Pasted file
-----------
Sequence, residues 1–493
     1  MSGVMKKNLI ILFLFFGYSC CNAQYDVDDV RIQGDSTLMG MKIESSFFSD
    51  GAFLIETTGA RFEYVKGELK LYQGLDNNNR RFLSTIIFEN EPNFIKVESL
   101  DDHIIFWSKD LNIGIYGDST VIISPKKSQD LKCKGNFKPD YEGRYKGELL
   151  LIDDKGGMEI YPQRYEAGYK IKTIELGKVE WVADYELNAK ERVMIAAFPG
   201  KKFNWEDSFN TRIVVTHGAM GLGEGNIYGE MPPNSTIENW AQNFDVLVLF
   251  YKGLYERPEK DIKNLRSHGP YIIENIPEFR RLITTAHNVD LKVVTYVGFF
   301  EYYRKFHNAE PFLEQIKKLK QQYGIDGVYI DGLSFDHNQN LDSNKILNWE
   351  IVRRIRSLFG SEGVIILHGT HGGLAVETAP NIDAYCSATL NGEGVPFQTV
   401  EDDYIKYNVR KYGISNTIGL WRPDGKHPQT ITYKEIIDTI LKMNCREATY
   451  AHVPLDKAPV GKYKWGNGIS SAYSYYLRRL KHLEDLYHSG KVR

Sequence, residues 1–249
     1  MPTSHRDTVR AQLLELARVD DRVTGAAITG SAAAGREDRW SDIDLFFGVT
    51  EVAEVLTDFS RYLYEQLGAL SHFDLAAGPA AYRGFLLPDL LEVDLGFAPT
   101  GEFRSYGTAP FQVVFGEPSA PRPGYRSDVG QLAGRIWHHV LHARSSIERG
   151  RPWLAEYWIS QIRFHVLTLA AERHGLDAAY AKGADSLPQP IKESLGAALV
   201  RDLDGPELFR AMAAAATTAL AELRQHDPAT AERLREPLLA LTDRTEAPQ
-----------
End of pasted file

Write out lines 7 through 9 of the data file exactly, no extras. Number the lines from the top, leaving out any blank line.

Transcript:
   251  YKGLYERPEK DIKNLRSHGP YIIENIPEFR RLITTAHNVD LKVVTYVGFF
   301  EYYRKFHNAE PFLEQIKKLK QQYGIDGVYI DGLSFDHNQN LDSNKILNWE
   351  IVRRIRSLFG SEGVIILHGT HGGLAVETAP NIDAYCSATL NGEGVPFQTV